By Lois K. Cox, Clinical Professor of Law Emerita; Ann Rhodes, Clinical Professor of Nursing; and Katherine Tachau, Professor of History Emerita, on behalf of the Executive Committee of the University of Iowa chapter of the American Association of University Professors
The University of Iowa’s response to pandemic-related budget cuts places the fiscal tail in charge of wagging the educational dog. Though cuts are necessary, university administrators seem determined to make them without regard to the quality of the overall educational program; some are in direct contravention of faculty judgment on educational matters. Two examples — one immediate, one more long-term — illustrate risks to the quality of education inherent in making budget decisions without thorough consideration of educational priorities.
Recently, media commentators and University of Iowa community members noted with alarm the decision not to renew the contracts of 15 lecturers in the College of Liberal Arts and Sciences (CLAS). When asked to comment or intervene, President Bruce Harreld in essence threw up his hands, stating that those decisions are the purview of collegiate deans. If so, deans are acting with very little input from faculty, because public statements of department chairs and other faculty members reveal frustration at not being listened to. Indeed, several in CLAS have expressed strong disagreement and offered alternative solutions designed to retain valuable faculty members and the courses they offer.
The budget model that permits Pres. Harreld to disclaim responsibility was adopted only a couple of years ago. Though it may offer advantages in terms of fiscal planning for a large institution, it does not absolve the university administration of its duty to engage in shared governance with the faculty. Sound reasons support the academic imperative that the faculty have the primary role in making decisions about an institution’s educational program, even in times of financial crisis. In a policy entitled “On Institutional Problems Resulting from Financial Exigency,” the American Association of University Professors notes that “[t]here should be early, careful, and meaningful faculty involvement in decisions relating to the reduction of instructional and research programs.” That involvement has not happened.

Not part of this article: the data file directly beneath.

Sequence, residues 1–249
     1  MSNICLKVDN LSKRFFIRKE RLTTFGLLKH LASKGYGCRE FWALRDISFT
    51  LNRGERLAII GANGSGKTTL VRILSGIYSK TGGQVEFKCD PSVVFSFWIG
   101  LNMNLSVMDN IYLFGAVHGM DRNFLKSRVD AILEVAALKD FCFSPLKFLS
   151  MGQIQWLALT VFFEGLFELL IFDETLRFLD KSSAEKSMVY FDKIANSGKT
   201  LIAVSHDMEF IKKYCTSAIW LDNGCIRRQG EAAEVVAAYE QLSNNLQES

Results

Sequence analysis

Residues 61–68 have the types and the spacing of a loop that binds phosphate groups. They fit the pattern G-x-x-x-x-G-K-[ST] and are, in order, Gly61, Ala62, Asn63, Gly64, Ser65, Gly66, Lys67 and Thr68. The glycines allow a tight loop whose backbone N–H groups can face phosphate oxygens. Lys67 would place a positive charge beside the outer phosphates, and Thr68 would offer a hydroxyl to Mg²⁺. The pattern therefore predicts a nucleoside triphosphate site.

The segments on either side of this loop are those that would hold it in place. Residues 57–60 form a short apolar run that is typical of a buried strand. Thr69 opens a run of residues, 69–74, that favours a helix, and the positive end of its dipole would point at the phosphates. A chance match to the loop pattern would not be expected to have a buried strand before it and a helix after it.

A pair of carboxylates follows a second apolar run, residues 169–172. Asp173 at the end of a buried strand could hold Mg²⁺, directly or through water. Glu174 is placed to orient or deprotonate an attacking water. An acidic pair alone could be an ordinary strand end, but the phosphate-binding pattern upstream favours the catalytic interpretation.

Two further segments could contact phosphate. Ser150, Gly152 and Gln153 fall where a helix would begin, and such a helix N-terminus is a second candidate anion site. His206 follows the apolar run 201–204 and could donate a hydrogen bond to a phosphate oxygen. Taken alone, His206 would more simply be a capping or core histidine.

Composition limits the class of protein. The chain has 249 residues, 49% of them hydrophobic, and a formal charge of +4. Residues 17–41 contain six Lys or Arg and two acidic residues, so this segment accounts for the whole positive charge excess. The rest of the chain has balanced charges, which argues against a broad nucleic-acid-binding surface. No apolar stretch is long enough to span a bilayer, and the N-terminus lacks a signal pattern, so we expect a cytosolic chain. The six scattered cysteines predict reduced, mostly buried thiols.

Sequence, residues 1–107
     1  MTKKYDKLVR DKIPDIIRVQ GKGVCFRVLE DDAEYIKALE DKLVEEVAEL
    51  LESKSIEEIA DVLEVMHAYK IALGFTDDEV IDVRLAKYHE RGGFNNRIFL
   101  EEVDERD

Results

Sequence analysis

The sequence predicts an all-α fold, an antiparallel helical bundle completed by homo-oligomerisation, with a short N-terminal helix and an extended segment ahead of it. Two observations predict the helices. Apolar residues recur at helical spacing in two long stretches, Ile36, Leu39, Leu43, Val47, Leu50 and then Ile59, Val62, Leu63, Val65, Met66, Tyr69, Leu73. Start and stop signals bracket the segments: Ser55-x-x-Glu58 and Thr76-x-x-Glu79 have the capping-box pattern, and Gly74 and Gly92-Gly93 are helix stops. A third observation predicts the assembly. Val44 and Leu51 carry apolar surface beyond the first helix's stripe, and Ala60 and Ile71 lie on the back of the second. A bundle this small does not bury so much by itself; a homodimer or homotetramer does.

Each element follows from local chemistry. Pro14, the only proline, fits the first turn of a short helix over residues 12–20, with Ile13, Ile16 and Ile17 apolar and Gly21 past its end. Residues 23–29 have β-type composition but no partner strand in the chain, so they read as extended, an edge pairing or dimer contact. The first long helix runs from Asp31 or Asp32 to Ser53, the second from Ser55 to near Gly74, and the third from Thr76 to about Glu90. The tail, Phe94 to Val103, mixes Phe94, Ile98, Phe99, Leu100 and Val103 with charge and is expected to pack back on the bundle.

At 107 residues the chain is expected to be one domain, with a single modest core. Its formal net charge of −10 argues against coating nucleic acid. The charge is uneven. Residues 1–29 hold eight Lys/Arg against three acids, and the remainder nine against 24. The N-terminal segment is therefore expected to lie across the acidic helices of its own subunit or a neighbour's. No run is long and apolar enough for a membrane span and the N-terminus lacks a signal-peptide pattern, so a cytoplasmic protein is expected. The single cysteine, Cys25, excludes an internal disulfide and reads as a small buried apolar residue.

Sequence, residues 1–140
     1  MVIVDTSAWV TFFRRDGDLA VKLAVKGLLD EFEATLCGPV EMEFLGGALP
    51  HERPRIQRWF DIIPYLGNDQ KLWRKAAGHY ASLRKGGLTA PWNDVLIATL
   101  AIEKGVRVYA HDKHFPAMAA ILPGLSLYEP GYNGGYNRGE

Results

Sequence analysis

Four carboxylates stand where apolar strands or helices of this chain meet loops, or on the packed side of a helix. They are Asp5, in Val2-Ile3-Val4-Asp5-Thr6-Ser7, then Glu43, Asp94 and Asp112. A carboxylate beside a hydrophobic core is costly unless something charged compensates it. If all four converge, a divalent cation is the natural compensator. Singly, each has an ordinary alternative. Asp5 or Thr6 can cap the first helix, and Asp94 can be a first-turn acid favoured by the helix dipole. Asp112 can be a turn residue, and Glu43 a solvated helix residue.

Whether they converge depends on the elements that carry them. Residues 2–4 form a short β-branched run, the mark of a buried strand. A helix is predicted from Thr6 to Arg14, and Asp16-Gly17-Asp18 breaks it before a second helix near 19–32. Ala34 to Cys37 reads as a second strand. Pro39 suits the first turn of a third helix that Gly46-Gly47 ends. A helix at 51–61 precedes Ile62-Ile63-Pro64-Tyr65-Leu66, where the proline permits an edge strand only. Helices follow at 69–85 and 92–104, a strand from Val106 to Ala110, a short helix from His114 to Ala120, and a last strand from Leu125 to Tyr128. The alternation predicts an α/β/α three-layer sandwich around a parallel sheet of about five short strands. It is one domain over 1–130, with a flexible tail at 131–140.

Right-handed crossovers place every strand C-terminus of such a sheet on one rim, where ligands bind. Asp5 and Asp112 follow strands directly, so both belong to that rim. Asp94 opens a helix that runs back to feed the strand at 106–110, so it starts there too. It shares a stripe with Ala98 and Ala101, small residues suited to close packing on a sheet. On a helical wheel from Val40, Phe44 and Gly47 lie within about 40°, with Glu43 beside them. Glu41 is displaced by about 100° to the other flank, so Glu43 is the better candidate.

A longer-term issue, brought into prominence now, is the university’s increasing reliance on lecturers to teach undergraduates, particularly in CLAS. Brutally put, lecturers are cheap and are treated by administrators as dispensable. Though any large teaching institution must have some short-term teaching staff to fill in when regular faculty are ill or on leave, current use of lecturers goes well beyond that. In seeking to achieve budgetary “flexibility,” CLAS employs scores of lecturers who undertake crippling teaching loads, work for low salaries and who may then be cast aside with little or no notice. From a management point of view, the obvious attractions of that arrangement, along with the deep pool of talented and highly accomplished Ph.D.s in the Iowa City area, have made over-reliance on lecturers too seductive to resist. Now CLAS administrators are exercising their flexibility by failing to renew lecturer contracts, without regard to the human cost or the gaps in the curriculum that will result. Yet as other colleges such as the Carver College of Medicine have demonstrated, ways exist of sharing the sacrifice more equitably, such as temporary salary reductions or reducing the salaries of highly paid faculty and administrators, without loss to the educational program.
Eventually, this approach to balancing the budget will harm the standing of our flagship university in the academic world and destroy the vitality of our academic community. World class scholars will not come to a place where governance is top down and conducted without regard for educational quality. Iowa faculty members should devote themselves to a lifetime of teaching and scholarship without the fear of being unemployed on a moment’s notice. We owe it to all Iowans to put educational quality first, even when cutting the budget.